Yesterday I posted a short piece titled “When Horse Cruelty Was Common.” It was sparked by an interest in Alan K. Rode‘s just published “Michael Curtiz: A Life In Film,” a reputedly excellent biography. Yesterday I focused on allegations about the tripping of horses during a military attack sequence in Curtiz’s The Charge of the Light Brigade (Warner Bros., 10.20.36). A Wikipedia account contends that “125 horses were tripped with wires; of those, 25 were killed or had to be put down afterward.”
Unable to reach Rode yesterday afternoon, I repeated the Wiki account along with a comment about Curtiz from a critic friend.
This morning, however, I learned that the Wikipedia report, which partly stems from a tale about the Light Brigade shoot by David Niven in his book “Bring On The Empty Horses,” is exaggerated and erroneous. Rode, who got in touch this morning, calls it “a myth.” Only four horses were killed during the shoot, Rode contends, and the real bad guy in the Light Brigade horse tragedy was second-unit director “Breezy” Eason.
To explain his case Rode sent along a couple of pages from his book. He also gave permission to reprint them.
“Several horses did die during the filming of The Charge of the Light Brigade,” Rode wrote in an email, “but the stories of the mass killing of horses propagated by David Niven and other sources including Wikipedia appears to be yet another anecdote that has fossilized into the bedrock of Hollywood folklore.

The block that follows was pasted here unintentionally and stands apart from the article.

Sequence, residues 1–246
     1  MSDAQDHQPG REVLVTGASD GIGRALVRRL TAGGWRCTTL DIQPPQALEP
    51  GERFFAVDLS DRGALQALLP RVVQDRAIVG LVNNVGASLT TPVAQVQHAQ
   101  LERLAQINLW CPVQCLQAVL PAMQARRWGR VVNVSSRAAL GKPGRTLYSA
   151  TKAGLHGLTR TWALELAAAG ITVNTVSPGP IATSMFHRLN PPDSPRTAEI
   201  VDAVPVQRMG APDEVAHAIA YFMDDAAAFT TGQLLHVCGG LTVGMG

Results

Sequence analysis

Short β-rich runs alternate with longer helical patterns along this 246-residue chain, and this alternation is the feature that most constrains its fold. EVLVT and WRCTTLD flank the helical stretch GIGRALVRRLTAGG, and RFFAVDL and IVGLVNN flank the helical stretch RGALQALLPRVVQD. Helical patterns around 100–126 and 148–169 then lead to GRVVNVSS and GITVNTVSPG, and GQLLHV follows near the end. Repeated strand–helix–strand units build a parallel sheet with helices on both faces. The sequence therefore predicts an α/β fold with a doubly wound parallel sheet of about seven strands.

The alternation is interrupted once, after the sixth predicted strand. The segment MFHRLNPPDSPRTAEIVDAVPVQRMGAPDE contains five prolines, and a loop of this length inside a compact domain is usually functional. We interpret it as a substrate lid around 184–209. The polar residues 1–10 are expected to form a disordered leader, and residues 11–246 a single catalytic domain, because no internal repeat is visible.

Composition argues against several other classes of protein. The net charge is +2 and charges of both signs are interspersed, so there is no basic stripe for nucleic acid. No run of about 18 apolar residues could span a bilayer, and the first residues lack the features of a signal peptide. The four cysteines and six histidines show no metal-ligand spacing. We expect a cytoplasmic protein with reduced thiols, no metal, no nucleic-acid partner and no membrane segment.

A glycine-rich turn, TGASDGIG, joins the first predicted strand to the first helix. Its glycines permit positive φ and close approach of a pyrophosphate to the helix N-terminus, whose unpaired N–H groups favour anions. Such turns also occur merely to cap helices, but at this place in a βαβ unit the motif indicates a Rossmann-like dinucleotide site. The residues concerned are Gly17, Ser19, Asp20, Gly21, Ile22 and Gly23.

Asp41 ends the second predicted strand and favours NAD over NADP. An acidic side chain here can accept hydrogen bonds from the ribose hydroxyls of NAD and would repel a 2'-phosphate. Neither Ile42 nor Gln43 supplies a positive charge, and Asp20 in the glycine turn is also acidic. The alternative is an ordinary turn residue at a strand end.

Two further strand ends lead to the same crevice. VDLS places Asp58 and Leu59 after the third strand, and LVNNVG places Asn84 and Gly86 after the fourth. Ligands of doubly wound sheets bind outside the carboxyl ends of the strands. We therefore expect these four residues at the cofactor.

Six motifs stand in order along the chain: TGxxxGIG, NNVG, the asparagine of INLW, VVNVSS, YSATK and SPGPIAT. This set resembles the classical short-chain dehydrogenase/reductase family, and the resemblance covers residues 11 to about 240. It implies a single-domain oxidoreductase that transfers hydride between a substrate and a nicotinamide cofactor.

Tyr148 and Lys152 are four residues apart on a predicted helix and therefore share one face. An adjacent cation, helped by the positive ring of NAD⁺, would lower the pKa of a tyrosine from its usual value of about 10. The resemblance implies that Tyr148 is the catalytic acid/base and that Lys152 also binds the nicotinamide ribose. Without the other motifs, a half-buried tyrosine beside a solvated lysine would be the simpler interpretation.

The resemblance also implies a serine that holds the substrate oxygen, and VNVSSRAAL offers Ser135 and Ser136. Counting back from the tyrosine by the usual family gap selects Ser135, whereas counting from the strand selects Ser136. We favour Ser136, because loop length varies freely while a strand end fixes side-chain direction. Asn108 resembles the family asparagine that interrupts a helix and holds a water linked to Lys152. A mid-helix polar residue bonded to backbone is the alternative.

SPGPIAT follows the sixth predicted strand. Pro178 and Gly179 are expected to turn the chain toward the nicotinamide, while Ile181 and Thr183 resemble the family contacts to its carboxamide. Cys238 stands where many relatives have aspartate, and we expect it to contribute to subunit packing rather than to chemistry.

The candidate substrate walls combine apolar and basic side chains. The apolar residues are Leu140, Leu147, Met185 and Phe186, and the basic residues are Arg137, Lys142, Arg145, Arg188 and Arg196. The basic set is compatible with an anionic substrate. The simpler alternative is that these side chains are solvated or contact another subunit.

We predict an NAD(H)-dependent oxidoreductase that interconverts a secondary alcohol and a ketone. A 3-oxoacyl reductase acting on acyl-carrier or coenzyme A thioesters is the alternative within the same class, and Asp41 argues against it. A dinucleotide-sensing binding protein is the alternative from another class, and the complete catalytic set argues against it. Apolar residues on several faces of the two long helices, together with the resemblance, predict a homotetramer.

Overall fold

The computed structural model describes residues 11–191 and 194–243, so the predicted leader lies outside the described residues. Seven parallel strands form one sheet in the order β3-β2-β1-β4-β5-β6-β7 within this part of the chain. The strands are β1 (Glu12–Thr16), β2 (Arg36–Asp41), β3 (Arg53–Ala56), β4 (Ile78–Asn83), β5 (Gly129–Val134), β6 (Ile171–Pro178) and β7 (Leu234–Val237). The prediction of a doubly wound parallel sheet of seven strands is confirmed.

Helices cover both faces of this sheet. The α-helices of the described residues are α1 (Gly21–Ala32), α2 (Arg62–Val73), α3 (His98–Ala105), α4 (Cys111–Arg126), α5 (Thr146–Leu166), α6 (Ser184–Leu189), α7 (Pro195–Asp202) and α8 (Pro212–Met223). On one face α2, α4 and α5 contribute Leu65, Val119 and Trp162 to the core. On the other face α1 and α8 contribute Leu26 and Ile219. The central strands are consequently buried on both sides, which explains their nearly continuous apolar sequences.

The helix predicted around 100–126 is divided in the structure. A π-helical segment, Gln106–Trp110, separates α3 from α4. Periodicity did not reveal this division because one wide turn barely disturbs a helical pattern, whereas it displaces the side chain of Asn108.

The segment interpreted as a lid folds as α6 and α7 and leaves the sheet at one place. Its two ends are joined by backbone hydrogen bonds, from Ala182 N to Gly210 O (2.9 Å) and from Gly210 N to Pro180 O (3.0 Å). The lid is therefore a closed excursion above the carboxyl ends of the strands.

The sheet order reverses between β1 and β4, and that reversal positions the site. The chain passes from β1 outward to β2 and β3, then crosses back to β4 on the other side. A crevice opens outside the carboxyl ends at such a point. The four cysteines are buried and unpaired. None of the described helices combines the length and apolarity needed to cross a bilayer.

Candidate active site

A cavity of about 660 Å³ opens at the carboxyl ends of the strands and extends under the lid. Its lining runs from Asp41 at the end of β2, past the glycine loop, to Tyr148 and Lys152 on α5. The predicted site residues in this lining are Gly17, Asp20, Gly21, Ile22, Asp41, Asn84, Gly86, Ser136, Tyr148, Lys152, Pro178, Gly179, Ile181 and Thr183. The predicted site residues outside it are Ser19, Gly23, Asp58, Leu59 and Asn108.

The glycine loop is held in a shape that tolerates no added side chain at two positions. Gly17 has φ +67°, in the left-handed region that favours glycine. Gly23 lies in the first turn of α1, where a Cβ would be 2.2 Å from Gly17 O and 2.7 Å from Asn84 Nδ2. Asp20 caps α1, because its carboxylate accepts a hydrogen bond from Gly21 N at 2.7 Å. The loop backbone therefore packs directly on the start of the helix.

“Curtiz could be quite merciless when it came to putting ‘realism’ on screen, but, as you indicated, this was in keeping with the times. The more notorious story is his alleged drowning of three extras during the filming of Noah’s Ark (’28).
“I’ve attached an extract from my unedited manuscript that discusses the Light Brigade horse situation in some detail. My research on this matter was quite thorough. All of my writing about Curtiz is traceable to a verifiable source.”
2nd unit director “Breezy” Eason (hat, beard), sometime in the 1930s.
Here are the pertinent portions from Rode’s book:
“In his memoir Niven also wrote about Curtiz’s personal involvement in a cruel practice that allegedly resulted in the mass crippling and destruction of horses: ‘Curtiz ordered the use of the ‘Running W,’ a tripping wire attached to a foreleg. This the stunt riders would pull when they arrived at
full gallop at the spot he had indicated, and a ghastly fall would ensue.
“‘[Errol] Flynn led a campaign to have this cruelty stopped, but the studio circumvented his efforts and completed the carnage by sending a second unit down to Mexico, where the laws against mistreating animals were minimal, to say the least.’